It would have probably happened eventually. Someone would have cracked that door open at some point, but it was TROS. TROS was in the situation that forced them to do something that convention says is uncertain or not really functional. Just like COVID did to the industry.
    That's how advancement usually comes in the industry. Not because someone wanted to make an advancement, but because they were shoved into a box that pushed them to come up with a radical solution that happened to work out in a better way than their normal approach.

    That's what happened, and if you're looking for a direct citation, I can't give you a paper on that. You just have to look at what the editing world was talking about following TROS, and then you start looking at what Avid did after it, and then you need to look at what films started doing after it.

    I've talked to a few folks that I know, and yeah, it was of interest - especially in the VFX/Production company world. Folks I know working in that realm were really keen on the showing the ability to move to a remote cloud system for editing that allowed higher flexibility with the editing terminal (as VFX is always wanting to push that further to at the director's hip as much as possible).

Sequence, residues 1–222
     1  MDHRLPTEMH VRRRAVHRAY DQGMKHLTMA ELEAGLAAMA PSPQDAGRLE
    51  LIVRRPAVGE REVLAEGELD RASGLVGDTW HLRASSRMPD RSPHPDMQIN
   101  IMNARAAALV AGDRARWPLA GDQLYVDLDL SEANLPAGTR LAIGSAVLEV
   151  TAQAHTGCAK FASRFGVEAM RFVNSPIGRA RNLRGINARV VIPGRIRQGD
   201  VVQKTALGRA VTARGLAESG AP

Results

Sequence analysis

That's how ripples work in film. It's not a citation number at the bottom of a paper. It's organically absorbed and reused.


    Cheers,
    Jayson
     
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  8. Capt_Mange

    Capt_Mange Rebelscum

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    Of course the pace of TROS is at a breakneck pace; they had to introduce Palpatine into the story again of whom there wasn't a hint of in TFA or TLJ and to inject him into a highly convoluted "plot". There was no plan for the trilogy and if the execution of it hadn't been as bad as it was they would've "gotten away" with it.